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Casey Christie / The Californian

Parts of Highway 178, shown in a February 2014 file photo, are to get new sprinklers.

Caltrans' $2.2 million roll-out of new sprinkler controllers on Bakersfield highways -- part of its plan to use less water following Gov. Jerry Brown's January drought declaration -- is about 30 days behind schedule, officials said Tuesday.

About 66 Toro Sentinel controllers are destined for areas of Highways 99, 178 and 58, with the aim of helping Caltrans water highway landscaping in Kern County at least 50 percent less.

Unfortunately the estimated 60-day project now likely won't be completed before the start of summer, members of the state transportation agency told more than a dozen public officials at the monthly Keep Bakersfield Beautiful meeting.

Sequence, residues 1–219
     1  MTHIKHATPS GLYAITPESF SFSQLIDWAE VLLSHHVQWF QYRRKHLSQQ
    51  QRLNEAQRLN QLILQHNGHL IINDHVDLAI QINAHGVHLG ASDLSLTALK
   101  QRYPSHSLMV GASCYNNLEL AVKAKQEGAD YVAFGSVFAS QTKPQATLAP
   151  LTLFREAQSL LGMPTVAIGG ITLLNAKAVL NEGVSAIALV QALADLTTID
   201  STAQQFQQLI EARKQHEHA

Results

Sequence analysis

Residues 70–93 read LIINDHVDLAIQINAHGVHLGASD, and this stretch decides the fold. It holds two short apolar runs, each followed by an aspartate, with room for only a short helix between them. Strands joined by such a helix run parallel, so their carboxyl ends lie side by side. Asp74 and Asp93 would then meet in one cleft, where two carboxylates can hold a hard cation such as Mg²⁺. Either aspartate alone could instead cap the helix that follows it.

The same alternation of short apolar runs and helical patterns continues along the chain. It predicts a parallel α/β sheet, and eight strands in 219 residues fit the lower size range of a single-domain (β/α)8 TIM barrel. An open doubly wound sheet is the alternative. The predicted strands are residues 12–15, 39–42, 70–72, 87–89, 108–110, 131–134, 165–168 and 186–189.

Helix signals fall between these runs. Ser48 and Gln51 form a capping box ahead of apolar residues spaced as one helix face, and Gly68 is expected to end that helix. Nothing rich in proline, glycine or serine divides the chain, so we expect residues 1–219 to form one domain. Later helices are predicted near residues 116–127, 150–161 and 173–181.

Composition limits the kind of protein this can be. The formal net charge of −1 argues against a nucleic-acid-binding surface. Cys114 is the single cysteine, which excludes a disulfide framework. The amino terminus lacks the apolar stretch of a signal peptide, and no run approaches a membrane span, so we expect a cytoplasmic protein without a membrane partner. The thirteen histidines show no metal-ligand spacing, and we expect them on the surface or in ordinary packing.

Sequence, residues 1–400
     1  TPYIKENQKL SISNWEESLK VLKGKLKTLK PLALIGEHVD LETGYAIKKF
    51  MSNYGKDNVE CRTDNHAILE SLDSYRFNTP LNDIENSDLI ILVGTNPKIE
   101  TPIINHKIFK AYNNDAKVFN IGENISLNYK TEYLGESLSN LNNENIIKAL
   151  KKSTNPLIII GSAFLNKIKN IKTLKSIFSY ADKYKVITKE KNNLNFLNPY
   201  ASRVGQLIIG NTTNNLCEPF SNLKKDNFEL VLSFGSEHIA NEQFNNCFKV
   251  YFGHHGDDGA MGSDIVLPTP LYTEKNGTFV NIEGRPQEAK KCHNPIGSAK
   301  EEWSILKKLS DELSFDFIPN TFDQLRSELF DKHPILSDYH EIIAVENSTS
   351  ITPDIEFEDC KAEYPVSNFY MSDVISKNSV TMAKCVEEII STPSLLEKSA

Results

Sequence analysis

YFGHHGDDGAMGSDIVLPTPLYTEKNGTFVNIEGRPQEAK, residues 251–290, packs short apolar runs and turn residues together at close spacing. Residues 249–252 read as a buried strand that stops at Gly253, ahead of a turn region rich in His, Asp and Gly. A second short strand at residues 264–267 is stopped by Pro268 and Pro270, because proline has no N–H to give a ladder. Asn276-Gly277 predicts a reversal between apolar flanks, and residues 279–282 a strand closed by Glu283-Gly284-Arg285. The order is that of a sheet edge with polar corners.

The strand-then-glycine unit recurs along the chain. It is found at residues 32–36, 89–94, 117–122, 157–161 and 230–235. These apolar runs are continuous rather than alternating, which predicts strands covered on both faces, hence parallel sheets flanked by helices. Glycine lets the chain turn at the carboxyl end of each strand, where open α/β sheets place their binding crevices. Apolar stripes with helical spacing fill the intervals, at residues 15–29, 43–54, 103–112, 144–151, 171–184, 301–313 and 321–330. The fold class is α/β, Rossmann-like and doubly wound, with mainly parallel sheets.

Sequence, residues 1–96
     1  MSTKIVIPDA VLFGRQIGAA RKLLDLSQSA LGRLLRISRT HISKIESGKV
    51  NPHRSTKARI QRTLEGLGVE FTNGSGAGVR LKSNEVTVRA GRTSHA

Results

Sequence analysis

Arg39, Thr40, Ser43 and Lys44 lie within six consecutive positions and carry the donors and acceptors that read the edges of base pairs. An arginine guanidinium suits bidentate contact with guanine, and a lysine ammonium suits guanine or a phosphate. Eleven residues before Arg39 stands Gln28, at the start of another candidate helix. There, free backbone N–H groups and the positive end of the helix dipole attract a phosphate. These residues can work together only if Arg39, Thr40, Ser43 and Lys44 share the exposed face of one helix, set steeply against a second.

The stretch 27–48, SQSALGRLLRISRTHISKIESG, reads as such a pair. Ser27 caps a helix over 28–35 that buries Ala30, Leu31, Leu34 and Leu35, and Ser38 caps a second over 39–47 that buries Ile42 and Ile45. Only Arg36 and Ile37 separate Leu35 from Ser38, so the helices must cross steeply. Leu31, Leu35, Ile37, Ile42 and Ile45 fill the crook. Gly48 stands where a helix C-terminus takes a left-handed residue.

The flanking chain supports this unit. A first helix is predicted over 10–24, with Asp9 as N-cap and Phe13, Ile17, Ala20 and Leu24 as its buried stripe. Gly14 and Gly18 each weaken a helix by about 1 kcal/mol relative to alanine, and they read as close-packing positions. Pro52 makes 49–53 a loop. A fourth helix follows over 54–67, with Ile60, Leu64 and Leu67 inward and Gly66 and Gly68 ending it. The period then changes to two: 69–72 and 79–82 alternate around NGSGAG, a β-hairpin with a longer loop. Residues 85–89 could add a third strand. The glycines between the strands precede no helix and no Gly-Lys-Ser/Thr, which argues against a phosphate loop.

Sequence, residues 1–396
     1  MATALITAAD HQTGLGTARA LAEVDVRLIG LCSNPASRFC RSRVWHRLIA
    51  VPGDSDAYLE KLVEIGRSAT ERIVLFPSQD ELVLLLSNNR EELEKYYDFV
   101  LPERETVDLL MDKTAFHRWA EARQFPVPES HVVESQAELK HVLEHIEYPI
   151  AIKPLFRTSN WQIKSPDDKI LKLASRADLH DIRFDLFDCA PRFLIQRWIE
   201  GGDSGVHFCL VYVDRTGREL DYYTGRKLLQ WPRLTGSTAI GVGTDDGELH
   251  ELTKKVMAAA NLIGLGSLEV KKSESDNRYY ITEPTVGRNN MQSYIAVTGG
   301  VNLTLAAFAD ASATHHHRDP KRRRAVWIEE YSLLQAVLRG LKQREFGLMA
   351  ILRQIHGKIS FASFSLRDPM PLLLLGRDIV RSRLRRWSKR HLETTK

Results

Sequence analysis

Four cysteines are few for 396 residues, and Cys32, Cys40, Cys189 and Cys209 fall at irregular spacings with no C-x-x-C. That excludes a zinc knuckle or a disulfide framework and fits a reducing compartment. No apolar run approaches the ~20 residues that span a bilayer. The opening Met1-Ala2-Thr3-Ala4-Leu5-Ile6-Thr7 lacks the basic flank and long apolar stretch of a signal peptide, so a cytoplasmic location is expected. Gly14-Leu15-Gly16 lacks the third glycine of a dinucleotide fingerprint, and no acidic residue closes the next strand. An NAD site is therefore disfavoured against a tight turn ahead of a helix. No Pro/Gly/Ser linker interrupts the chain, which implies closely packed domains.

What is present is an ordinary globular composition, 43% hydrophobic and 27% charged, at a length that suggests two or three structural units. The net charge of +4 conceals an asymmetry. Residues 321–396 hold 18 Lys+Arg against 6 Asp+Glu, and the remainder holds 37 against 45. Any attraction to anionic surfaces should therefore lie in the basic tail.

"We mentioned it was a 60-day project knowing it would go over. It is going over," Jay Asistin, Caltrans maintenance supervisor, told members of KBB and Caltrans' freeway litter committee. "Everything on the freeway -- mostly it's a mystery as far as wiring, piping, so we're digging."

The Sentinels will do better than Caltrans' current controllers at shutting down broken water lines and alerting workers, and turning off when it rains -- but the days of lush freeway shoulders are gone, for now.

As long as the drought continues, Caltrans crews will replace dead vegetation with mulch, Asistin said.

In response to pointed questions from Ward 6 Councilwoman Jacquie Sullivan, who said she asked a year ago when landscaping would be improved, KBB's John Enriquez said he'll invite John Liu, Caltrans District 6 director of maintenance and operations, to the next meeting to get some answers.